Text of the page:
UNDER MONTEREY WHARF, 1969
Commentary by Barbara Bullock-Wilson
Monterey's Old Fisherman's Wharf is a noisy, odorous, colorful place. Ambling down the 750-foot long walkway, you can hear sea lions raucously barking under the pier; gulls squawking around returning trawlers; and hawkers wheedling customers into their restaurants.
The clean, salty tang of sea air is punctuated by fumes of diesel fuel from whale watching boats and traces of fried clams. Red, yellow, and blue buildings vie for your attention, along with displays of iridescent abalone shells, swirls of pink cotton candy, and brightly painted banners.
When I was a young girl in the late 1940s and early 50s, I would go down to the Wharf with my mother to buy freshly-steamed Dungeness crabs. In those days, there were several family-owned wholesale markets along the length of the Wharf, and it was always an adventure to watch Mom scout out - and occasionally haggle for - the best bargain in terms of quality and price. Once a deal was finalized and our crabs were being cracked, cleaned, and wrapped, I would wander around open ice-filled counters topped with gleaming whole fish caught that day in Monterey Bay.
After I was old enough to earn sufficient allowance to buy gifts for family and friends, the Wharf became a favorite shopping destination. The landmark pink Harbor House store at the beginning of the Wharf was a magnet for me, offering all sorts of enticing and affordable items. While Mom or Dad would run errands, I would happily browse up and down the aisles for an hour or two, picking out the perfect pin for Grandma or an exotic shell for my older sister Mimi.
Later, as a teenager, I frequently walked the two miles from our house to the Wharf to meet friends for lunch. Like Mom, my friends and I were choosy customers and we would scrutinize all the displayed menus before deciding which restaurant was most appealing to us that day. In the process, we would chat with the organ grinder, watch the saltwater taffy machine working its magic, savor tiny samples of shrimp cocktail, and check out boats plying the harbor.
As a commercial photographer in the 1950s, Dad documented Monterey's wharves and harbor for local magazines and tourist guides. Whenever he was there, whether on assignment or simply as a visitor, he enjoyed the lively bustle of the area, the picturesque setting, and the opportunities it afforded to people watch. It wasn't the people or the scenery, however, that he found compelling as an artist.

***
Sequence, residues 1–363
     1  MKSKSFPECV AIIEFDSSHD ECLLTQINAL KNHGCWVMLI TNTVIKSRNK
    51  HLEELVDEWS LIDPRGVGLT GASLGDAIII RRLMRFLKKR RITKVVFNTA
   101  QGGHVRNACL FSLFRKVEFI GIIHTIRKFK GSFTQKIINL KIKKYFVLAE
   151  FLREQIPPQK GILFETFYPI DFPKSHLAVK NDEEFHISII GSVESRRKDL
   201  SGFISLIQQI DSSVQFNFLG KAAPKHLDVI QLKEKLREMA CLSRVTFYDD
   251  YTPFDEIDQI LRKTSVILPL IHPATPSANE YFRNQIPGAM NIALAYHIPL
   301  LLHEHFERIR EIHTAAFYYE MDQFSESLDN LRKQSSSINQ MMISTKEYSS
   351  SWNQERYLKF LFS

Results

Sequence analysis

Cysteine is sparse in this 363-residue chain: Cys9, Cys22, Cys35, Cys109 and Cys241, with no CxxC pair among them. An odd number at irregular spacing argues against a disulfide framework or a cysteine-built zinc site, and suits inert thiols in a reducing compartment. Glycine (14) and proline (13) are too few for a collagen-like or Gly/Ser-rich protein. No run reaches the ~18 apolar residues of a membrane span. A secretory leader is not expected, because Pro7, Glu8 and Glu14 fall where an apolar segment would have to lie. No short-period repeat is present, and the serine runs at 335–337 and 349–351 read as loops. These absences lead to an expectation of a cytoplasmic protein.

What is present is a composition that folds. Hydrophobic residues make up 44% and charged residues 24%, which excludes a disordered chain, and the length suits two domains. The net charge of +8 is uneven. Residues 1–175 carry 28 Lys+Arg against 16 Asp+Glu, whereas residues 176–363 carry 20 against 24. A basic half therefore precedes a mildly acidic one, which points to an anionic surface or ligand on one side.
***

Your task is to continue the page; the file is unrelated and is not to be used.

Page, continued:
In his creative work, what was important to Dad was learning more about essence; being open and alert to whispers - glimmers - that invited him to journey beyond ordinary reality and probe more deeply the mysteries of life and the universe. It was this perpetual attitude of wonder and discernment that enabled him to make images such as Under Monterey Wharf, 1969.
That Dad could go to Old Fisherman's Wharf and end up with this image continues to amaze and inspire me. Below the hubbub that was so familiar to each of us, he went exploring and found himself in a world of pilings. Although the pilings were familiar, too, and Dad could have recorded them on film in a beautiful, but conventional way, he didn't. That day, under the wharf, he sensed other possibilities and he responded wholeheartedly to the invitation.
For me, Under Monterey Wharf is an eloquent evocation of light, darkness, space, time, form, and texture. It speaks of growth and decay, continuity and change, mystery and revelation. Viewing the image, I am encouraged to live more openly; to attend carefully to whispers emanating from the spirit of things; to joyfully and creatively embrace the journey that is mine to take.
Text © 2017 Barbara Bullock-Wilson. All rights reserved.